For many software organisations, the environmental impact of hardware purchasing for employees is probably at most the third-biggest contributor to the organisation’s overall impact, behind carbon emissions from energy usage (in building and providing software to a large number of users), and emissions from transport (both in sending employees to conferences, and in people’s daily commute to and from work). These both likely contribute tens of tonnes of emissions per year for a small/medium sized organisation (as a very rough approximation, since all organisations are different). The lifecycle emissions from a modern laptop are in the region of 300kgCO2e, and one target for per-person emissions is around 2.2tCO2e/year by 2030.

If changes to this policy reduce new equipment purchase by 20%, that’s a 20kgCO2e/year reduction per employee.

So, while changes to your organisation’s equipment policy are not going to have a big impact, they will have some impact, and are easy and unilateral changes to make right now. 20kgCO2e is roughly the emissions from a 150km journey in a petrol car.

What did we put in the policy?

We started with a fairly generic policy. From that, we:

  • Removed time-based equipment replacement schedules (for example, replacing laptops every 3 years) and went with a more qualitative approach of replacing equipment when it’s no longer functional enough for someone to do their job properly on.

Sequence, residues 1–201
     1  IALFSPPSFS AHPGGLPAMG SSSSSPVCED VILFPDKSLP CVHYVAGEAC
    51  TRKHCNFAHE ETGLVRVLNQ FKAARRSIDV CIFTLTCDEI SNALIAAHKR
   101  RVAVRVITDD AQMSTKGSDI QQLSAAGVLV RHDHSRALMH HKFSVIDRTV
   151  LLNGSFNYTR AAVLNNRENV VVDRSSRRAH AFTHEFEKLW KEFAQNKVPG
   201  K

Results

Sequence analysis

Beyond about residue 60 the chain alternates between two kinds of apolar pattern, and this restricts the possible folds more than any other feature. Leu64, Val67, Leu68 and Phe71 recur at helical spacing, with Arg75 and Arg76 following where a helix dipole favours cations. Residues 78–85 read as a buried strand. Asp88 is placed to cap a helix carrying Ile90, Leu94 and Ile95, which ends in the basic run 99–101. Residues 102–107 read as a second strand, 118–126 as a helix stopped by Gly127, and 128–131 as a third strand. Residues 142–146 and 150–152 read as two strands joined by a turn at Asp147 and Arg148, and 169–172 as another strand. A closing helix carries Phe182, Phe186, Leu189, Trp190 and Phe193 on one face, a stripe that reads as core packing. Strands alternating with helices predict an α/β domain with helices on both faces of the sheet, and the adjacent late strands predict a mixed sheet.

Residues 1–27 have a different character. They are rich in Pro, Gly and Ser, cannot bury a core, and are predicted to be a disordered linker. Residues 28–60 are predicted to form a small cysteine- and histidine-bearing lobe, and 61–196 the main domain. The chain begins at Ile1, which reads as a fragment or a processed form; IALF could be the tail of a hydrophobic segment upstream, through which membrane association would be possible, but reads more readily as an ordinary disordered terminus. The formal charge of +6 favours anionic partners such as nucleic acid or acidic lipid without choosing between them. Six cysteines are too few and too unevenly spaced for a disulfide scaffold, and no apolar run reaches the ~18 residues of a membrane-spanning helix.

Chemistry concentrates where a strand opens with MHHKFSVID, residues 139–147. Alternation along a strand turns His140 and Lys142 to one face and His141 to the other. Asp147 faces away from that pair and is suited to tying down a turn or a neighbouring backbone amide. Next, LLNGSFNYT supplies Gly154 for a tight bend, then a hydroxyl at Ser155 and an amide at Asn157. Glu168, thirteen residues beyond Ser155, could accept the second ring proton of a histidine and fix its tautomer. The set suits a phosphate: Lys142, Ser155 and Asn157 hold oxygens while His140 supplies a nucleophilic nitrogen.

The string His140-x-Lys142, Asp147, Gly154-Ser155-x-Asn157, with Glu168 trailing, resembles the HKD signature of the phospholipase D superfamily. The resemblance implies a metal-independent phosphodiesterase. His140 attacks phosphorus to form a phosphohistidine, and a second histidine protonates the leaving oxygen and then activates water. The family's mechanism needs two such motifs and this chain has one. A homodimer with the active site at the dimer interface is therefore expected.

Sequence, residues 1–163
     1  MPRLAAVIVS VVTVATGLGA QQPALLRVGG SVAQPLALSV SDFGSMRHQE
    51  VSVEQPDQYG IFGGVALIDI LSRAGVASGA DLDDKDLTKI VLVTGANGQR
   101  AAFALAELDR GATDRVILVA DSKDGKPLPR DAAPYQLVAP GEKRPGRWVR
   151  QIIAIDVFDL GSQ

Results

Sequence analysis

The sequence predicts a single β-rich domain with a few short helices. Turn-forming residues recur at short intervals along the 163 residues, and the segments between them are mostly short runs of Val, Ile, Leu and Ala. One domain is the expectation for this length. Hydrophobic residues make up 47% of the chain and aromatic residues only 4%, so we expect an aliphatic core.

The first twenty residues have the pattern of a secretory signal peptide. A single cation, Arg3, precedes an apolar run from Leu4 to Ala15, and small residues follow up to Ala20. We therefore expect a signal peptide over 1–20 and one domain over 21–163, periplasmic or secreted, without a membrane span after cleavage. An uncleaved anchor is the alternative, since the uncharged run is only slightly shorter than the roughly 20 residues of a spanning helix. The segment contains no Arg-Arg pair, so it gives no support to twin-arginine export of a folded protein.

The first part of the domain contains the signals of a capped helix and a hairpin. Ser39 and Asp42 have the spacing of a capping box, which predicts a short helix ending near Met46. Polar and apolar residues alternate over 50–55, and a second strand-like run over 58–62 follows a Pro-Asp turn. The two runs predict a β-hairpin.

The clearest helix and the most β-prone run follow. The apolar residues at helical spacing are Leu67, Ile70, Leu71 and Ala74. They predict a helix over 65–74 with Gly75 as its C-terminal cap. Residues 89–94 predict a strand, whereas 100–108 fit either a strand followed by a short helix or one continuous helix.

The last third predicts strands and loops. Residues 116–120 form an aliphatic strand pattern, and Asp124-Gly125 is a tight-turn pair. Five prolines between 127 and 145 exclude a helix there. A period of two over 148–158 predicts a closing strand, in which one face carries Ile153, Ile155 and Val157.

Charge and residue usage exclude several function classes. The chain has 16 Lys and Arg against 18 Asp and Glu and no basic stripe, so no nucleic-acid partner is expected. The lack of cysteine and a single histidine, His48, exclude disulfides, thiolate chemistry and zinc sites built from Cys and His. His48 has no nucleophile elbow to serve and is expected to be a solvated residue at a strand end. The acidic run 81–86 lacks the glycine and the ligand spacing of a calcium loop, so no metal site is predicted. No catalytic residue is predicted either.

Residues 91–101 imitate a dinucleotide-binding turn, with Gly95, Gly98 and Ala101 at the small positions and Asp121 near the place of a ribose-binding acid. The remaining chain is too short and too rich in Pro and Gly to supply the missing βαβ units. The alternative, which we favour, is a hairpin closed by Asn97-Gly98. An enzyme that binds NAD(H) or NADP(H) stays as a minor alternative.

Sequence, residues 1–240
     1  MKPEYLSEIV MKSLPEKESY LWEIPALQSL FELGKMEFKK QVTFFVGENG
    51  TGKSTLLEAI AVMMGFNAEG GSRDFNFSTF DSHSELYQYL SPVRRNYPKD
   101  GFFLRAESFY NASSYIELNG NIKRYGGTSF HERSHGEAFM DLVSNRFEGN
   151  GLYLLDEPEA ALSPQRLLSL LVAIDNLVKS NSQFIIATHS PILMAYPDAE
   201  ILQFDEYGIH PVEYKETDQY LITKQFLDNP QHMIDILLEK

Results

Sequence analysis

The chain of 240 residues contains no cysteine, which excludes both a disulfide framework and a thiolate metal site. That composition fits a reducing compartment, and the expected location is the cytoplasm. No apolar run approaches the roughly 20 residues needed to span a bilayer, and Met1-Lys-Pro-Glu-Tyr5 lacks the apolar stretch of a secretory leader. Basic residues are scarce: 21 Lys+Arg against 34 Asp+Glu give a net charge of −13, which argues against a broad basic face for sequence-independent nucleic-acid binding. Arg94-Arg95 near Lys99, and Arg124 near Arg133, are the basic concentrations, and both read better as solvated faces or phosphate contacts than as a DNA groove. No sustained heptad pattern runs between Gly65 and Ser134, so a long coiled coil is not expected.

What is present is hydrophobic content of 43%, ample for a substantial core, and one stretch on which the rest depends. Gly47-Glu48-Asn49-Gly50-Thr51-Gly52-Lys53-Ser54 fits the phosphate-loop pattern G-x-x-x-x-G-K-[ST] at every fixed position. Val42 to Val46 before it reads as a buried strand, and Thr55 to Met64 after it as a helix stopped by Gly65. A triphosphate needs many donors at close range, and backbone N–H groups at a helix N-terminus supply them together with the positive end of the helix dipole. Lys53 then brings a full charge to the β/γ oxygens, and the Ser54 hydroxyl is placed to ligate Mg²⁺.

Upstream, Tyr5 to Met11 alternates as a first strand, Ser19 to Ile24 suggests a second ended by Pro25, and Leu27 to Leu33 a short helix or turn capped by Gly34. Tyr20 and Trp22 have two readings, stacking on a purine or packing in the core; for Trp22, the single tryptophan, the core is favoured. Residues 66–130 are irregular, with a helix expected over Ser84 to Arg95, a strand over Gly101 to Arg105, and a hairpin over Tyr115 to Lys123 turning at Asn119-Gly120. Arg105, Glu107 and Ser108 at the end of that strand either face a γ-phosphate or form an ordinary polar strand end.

• Provided recommended laptop models for different roles (currently several different versions of the Dell XPS 13), which we have checked conform to the rest of the policy and have an acceptable environmental impact — Dell are particularly good here because, unlike a lot of laptop manufacturers, they publish a lifecycle analysis for their laptops
  • But also gave people the option to justify a different laptop model, as long as it meets certain requirements:

All laptops must meet the following standards in order to have low lifetime impacts:

All other equipment must meet relevant environmental standards, which should be discussed on a case by case basis

If choosing a device not explicitly listed above, manufacturers who provide Environmental Product Declarations for their products should be preferred

  • These requirements aim to minimise the laptop’s carbon emissions during use (i.e. its power consumption), and increase the chance that it will be repairable or upgradeable when needed. In particular, having a replaceable battery is important, as the battery is the most likely part of the laptop to wear out.
  • The policy prioritises laptop upgrades and repairs over replacement, even when the laptop would typically be coming up for replacement after 3 years. The policy steers people towards upgrading it (a new hard drive, additional memory, new battery, etc.) rather than replacing it.
  • When a laptop is functional but no longer useful, the policy requires that it’s wiped, refurbished (if needed) and passed on to a local digital inclusion charity, school, club or similar.
  • If a laptop is broken beyond repair, the policy requires that it’s disposed of according to WEEE guidelines (which is the norm in Europe, but potentially not in other countries).

A lot of this just codifies what we were doing as an organisation already — but it’s good to have the policy match the practice.

Your turn

I’d be interested to know whether others have similar equipment policies, or have better or different ideas — or if you make changes to your equipment policy as a result of reading this.